The prosecution of Bernard Collaery was dropped after pressure from Timor-Leste and fears of China’s expansion. It’s not great news for other whistleblowers such as David McBride, Richard Boyle or Julian Assange. Rex Patrick reports.
Other than those high up in the intelligence community, and those involved in the 2004 spying on Timor-Leste’s sea boundary negotiating team with the aim of defrauding the impoverished country of its oil and gas resource, most people welcomed Attorney-General Mark Dreyfus’s announcement on July 7 that he was stopping the prosecution of whistleblower Bernard Collaery.
At the time Dreyfus announced his decision to exercise his power under Section 71(1) of the Judiciary Act he said, “In taking this decision I have had careful regard to our national security, our national interest and the proper administration of justice. It is my view that the prosecution of Mr Collaery should end”.
There was hope at the time that he might move on to considering dropping the persecution of whistleblowers David McBride and Richard Boyle. But the Attorney has shied away from dealing with them.
It poses the question: how much of the Attorney-General’s motive in dropping Collaery’s prosecution was the administration of justice and how much of it related to national security and national interest?
A recent answer to a Senate question on notice from Senator Jacqui Lambie to Foreign Minister Penny Wong shows justice had little to do with it.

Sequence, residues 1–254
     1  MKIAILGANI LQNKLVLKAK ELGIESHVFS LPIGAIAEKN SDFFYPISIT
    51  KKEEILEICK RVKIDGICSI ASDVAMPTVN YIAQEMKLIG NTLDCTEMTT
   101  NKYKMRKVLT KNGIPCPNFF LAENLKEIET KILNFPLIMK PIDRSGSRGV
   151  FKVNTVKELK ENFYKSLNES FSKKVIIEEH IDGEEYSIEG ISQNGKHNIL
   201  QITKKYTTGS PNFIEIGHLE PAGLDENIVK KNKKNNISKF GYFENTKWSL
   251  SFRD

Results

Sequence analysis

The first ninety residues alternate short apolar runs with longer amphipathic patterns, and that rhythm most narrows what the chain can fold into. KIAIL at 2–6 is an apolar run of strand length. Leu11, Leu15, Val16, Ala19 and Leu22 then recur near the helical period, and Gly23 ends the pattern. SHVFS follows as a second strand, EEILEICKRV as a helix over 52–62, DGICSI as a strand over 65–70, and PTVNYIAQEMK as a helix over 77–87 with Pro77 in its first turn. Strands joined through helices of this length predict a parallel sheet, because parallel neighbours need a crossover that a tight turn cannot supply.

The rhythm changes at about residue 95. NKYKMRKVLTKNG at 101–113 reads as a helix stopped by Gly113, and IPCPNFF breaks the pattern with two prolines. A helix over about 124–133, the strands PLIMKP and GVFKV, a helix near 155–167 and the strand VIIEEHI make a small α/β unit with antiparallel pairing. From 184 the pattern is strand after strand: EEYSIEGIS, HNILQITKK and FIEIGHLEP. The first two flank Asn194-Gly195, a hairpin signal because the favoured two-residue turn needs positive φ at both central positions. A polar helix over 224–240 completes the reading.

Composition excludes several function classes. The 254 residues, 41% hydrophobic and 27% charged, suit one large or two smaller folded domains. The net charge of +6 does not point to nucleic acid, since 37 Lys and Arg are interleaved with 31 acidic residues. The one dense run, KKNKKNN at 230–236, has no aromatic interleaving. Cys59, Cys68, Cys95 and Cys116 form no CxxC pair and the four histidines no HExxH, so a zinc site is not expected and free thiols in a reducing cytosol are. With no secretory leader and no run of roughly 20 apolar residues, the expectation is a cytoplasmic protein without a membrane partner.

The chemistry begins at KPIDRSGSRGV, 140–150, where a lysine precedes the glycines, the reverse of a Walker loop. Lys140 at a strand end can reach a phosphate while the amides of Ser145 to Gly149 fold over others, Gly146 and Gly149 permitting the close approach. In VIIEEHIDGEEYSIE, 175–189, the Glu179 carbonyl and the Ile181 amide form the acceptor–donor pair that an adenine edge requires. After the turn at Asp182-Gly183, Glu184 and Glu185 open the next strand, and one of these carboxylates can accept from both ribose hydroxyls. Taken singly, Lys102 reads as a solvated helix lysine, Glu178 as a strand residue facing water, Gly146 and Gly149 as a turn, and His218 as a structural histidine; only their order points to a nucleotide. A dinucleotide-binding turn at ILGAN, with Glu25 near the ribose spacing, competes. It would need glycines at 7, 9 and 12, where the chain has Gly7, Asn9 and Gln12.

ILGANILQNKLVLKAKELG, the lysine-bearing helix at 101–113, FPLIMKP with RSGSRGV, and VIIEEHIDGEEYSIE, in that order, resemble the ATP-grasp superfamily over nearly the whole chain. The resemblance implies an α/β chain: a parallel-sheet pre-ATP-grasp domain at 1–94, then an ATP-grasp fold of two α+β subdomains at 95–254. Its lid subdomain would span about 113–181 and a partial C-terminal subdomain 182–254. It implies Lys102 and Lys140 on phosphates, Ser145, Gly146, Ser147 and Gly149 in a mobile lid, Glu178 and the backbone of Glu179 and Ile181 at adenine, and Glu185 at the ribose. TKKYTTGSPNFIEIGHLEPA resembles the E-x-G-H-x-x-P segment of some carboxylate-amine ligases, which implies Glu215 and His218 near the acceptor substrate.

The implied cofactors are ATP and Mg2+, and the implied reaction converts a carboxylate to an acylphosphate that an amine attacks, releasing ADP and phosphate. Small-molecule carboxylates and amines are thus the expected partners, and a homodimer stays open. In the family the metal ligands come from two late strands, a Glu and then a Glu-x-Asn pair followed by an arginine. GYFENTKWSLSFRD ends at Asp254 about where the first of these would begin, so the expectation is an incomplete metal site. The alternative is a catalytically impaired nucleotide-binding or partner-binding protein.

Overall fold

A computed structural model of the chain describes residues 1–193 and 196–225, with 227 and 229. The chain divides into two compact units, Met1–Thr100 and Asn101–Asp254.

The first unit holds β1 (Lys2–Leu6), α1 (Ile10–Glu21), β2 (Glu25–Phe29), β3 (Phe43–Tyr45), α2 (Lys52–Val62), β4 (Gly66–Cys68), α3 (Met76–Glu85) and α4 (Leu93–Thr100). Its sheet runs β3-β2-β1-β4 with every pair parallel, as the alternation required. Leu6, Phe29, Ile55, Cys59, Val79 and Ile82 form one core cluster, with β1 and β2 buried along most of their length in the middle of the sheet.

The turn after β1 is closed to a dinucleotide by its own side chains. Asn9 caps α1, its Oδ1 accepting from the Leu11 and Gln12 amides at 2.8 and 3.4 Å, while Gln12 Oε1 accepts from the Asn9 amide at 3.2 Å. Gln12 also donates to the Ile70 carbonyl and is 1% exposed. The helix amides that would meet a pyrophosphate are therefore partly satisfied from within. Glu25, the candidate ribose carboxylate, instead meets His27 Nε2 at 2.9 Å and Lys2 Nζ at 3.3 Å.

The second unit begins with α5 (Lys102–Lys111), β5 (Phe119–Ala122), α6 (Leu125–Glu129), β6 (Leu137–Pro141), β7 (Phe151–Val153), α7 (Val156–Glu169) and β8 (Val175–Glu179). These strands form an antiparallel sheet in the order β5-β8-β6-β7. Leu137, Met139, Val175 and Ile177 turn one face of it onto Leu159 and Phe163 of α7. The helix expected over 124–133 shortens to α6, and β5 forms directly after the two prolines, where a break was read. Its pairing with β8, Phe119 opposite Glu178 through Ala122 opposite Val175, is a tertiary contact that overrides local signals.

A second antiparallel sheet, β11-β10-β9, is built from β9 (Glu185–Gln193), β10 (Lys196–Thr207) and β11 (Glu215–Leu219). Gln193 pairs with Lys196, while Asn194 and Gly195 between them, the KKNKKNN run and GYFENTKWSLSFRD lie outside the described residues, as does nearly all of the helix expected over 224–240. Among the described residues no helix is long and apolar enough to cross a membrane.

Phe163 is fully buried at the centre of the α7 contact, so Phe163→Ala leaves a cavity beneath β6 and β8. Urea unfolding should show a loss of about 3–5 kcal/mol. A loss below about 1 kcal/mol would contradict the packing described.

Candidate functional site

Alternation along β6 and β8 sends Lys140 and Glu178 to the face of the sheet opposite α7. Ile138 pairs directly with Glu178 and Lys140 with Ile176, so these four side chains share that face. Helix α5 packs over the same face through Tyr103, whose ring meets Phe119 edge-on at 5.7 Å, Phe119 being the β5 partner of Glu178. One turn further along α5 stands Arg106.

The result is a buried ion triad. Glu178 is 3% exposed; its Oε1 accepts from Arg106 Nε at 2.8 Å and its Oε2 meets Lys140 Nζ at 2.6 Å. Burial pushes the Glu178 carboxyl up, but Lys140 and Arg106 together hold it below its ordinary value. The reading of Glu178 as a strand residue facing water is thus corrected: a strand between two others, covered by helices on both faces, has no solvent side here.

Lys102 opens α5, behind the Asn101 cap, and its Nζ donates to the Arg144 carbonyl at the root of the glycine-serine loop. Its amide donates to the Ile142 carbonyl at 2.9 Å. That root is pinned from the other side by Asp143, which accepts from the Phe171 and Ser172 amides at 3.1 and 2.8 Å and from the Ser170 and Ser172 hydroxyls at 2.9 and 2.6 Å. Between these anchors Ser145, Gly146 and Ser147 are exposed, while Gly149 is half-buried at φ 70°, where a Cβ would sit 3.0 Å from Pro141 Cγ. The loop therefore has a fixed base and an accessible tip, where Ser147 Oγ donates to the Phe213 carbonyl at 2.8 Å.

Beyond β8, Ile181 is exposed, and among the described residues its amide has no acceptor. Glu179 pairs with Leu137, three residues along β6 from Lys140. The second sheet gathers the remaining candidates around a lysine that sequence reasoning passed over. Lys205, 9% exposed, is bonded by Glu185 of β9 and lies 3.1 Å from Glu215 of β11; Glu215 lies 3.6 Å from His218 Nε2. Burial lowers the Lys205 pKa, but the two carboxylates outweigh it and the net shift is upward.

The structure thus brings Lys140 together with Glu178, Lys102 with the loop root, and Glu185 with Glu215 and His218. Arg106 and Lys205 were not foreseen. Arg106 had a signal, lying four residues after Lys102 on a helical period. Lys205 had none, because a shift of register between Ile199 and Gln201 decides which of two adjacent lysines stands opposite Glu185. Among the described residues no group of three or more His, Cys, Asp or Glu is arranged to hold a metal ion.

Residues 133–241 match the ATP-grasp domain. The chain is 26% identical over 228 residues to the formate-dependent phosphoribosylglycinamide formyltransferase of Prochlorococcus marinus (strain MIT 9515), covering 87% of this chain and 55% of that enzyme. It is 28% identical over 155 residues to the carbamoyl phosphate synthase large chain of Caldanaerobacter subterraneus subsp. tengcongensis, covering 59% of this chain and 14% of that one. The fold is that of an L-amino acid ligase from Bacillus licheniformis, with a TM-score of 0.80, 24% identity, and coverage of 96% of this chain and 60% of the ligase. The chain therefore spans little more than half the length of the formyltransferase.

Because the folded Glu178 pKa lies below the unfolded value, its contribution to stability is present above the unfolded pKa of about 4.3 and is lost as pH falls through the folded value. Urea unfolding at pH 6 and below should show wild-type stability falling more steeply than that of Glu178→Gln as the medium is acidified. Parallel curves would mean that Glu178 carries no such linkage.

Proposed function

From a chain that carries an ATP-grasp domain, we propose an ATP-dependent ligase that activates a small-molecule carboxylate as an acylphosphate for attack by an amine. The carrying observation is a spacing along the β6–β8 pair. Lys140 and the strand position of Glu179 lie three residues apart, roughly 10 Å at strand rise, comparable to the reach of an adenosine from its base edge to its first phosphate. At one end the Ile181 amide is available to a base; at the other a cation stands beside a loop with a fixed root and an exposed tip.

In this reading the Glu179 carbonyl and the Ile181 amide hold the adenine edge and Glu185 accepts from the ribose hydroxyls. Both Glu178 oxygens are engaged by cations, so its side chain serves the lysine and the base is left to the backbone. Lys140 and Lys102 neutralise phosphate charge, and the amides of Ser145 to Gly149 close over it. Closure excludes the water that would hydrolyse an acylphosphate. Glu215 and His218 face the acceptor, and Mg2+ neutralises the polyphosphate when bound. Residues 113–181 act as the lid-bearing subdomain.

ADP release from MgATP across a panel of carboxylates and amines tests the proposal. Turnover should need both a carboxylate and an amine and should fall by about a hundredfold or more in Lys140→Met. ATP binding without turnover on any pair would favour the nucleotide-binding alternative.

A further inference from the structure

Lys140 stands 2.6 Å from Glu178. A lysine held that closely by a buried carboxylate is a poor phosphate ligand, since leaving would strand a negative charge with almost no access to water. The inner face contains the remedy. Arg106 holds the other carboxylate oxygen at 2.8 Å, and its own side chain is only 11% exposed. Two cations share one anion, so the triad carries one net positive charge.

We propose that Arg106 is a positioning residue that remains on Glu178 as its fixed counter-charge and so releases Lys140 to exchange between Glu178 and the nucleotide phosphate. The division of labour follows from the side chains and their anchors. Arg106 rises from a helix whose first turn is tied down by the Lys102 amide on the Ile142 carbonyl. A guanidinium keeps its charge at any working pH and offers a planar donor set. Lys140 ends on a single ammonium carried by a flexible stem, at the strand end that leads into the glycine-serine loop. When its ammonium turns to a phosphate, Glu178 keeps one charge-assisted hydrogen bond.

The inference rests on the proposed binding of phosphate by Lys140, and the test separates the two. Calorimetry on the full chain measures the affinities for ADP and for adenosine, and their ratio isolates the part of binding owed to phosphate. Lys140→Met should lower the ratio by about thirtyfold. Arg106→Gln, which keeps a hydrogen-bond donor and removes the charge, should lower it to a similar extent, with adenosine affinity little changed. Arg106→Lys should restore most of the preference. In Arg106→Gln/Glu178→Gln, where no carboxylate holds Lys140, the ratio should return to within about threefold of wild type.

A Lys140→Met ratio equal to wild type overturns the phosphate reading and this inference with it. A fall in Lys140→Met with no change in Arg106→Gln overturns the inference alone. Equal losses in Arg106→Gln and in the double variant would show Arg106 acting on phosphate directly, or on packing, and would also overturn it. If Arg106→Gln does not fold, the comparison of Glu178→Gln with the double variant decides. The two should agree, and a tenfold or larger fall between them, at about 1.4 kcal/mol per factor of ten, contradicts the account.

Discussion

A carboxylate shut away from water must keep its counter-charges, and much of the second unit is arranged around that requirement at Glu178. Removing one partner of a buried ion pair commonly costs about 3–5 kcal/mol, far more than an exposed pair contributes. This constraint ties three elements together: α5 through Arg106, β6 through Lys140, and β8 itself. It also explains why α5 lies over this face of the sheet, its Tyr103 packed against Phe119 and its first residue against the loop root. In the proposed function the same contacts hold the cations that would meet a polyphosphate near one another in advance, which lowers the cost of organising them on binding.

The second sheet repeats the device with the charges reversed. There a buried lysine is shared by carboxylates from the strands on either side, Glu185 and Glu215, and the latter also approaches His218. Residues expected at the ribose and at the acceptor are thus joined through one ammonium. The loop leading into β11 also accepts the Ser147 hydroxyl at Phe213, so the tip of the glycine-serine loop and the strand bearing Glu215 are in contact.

A little background is necessary first.
In November 2019, the hugely popular and influential former president and prime minister of Timor-Leste, Jose Ramos-Horta, filed an affidavit in the ACT Supreme Court against the prosecution of Bernard Collaery. This is how he ended his affidavit (the reference to “the Reported Fact” is to the 2004 spying operation).
Ramos-Horta was respectful of our sovereignty, but clearly wanted the prosecution stopped.
Fast forward to 2022 when a couple of significant events occurred in the South Pacific.
- A failure by the Morrison government in regards to international relations between Australia and the Solomon Islands brought about a real risk that China could establish military bases in the Solomons.
- Ramos-Horta became President of Timor-Leste again.
We then turn to the answer just provided to the Senate about dialogue between the Australian and Timor-Leste government on the topic of Collaery. Wong provided the following:
There you have it. The prosecution of Collaery was dropped because it was important to the relationship between Australia and Timor-Leste.
Whilst the Albanese government fails to support whistleblowers, no public servant will ever blow the whistle on malfeasance, misfeasance or corruption inside government. And that’s a bad thing for Australia.